In ancient Greece, the pomegranate has been one of the iconographic attributes of some female deities such as Demeter, Persephone, Aphrodite and Hera.
They are different deities, yet they have one thing in common: they are considered responsible for the fertility of people, animals and the abundance of the harvest. Analyzing the presence of pomegranate in depictions of the goddess Hera, it has been remarked that some Christian symbol and images have been inherited from the pre-existing pagan cult and that some rites and traditions of today, concerning the fruit, have rather ancient roots.
The goddess Hera, sister and wife of Zeus, Queen of the Olympus, was worshipped as the divinity of marriage and marital fidelity; she was always depicted solemn-looking, usually sitting on her throne. The most common attributes that can be inferred from the representations of the goddess are the polos (headdress), the opium poppy and pomegranate, a symbol of abundance and fertility.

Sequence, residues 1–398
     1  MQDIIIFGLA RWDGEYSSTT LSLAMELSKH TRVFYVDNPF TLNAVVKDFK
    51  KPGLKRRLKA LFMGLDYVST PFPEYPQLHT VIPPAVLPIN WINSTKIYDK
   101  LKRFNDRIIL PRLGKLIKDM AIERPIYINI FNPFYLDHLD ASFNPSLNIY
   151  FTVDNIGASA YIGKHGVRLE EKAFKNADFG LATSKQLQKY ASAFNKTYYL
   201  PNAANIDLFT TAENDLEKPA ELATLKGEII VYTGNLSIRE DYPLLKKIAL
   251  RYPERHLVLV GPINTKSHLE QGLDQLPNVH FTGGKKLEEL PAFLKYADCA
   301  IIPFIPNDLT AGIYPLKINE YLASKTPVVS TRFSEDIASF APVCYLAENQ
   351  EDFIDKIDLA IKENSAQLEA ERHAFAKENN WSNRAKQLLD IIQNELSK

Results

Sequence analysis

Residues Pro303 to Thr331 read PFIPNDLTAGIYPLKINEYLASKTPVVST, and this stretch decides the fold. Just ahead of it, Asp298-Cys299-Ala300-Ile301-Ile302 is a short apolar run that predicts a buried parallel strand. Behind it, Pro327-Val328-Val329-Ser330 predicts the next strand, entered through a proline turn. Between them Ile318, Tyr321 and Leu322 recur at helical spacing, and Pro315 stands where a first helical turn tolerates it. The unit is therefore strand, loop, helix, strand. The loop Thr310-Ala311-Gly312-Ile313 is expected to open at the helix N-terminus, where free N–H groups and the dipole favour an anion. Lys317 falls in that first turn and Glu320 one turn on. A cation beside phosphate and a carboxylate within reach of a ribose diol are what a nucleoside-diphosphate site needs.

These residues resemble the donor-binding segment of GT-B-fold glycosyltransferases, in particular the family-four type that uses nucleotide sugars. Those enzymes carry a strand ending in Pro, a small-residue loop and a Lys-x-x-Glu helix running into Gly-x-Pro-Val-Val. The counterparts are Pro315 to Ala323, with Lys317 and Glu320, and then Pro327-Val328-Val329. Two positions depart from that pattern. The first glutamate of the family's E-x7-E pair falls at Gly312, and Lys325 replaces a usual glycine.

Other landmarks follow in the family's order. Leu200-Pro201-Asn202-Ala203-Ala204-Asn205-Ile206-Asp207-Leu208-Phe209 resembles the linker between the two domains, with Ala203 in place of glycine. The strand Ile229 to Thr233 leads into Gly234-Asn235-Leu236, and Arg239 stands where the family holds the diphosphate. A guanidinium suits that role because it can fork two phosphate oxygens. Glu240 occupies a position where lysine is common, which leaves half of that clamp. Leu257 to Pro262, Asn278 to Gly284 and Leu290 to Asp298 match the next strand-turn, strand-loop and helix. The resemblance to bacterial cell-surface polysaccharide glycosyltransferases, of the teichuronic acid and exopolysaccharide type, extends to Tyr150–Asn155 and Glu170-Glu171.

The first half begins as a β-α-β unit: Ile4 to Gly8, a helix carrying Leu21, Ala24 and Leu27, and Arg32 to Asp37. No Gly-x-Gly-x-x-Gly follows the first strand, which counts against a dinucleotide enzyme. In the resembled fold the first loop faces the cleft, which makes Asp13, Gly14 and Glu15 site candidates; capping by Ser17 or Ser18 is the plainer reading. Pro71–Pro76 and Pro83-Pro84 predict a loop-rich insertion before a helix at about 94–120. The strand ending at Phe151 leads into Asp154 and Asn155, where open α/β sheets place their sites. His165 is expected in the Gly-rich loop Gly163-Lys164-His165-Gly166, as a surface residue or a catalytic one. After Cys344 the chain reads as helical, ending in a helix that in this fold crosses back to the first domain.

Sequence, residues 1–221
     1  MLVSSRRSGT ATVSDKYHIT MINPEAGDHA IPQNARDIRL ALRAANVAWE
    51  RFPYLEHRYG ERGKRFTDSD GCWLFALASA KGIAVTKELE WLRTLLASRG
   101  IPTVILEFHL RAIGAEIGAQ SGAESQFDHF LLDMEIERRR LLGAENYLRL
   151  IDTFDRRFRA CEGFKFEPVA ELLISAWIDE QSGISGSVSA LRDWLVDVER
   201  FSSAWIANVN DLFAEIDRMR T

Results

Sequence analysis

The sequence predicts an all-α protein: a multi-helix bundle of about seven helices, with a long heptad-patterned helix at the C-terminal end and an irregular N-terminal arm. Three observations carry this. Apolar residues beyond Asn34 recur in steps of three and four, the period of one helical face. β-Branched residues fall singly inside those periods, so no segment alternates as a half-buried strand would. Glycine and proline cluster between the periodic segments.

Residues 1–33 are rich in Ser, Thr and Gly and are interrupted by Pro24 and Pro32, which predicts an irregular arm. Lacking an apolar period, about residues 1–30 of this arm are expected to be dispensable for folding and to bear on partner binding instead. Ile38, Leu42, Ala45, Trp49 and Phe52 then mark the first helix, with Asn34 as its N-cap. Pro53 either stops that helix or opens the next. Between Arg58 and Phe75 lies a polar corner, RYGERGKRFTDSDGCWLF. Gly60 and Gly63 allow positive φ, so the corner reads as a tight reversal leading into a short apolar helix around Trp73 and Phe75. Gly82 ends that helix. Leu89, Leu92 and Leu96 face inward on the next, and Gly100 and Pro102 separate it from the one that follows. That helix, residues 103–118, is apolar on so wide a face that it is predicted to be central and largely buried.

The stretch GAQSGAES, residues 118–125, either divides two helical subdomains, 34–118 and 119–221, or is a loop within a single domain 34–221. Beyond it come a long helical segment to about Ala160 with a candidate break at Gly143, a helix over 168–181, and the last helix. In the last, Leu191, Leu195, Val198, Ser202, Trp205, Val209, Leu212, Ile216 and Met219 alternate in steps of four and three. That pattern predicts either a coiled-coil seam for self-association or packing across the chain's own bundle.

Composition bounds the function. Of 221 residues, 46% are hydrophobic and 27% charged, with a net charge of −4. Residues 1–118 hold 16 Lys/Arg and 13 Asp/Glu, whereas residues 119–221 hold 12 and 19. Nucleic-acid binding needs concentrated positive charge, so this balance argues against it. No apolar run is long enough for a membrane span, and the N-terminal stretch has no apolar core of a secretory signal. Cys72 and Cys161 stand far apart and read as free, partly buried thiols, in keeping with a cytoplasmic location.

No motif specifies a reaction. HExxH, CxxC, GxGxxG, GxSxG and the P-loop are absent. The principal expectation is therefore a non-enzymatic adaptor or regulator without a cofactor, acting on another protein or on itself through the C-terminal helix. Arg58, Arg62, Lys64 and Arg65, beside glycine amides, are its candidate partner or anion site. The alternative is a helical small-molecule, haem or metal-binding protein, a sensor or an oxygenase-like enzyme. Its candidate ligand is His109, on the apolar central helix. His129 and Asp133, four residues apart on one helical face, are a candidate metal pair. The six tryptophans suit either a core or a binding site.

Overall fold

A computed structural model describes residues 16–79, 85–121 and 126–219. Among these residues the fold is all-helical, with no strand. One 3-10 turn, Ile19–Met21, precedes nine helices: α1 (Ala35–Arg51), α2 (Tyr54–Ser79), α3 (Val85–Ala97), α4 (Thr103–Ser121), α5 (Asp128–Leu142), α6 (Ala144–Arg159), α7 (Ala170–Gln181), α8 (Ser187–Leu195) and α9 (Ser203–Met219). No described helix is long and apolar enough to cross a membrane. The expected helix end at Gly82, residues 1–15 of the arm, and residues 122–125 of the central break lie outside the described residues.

Excavations in Heraion (place of worship dedicated to the goddess) of Samos revealed the presence of a large number of bronze and terracotta pomegranates, some of which pierced in the corolla to be hung like votive fruit. Near the Heraion, at the mouth of the river Sele, not far from the archaeological site of Paestum, they found a marble statue that depicts Hera on a throne with the pomegranate in her hand. The cult of Hera survived a long time in this area and was reworked by the new doctrine: it is no coincidence that iconography of the “Madonna del Granato” started from the Paestum area, where the ancient pagan symbol of the pomegranate would announce the martyrdom just as fruitful rich fruit seeds.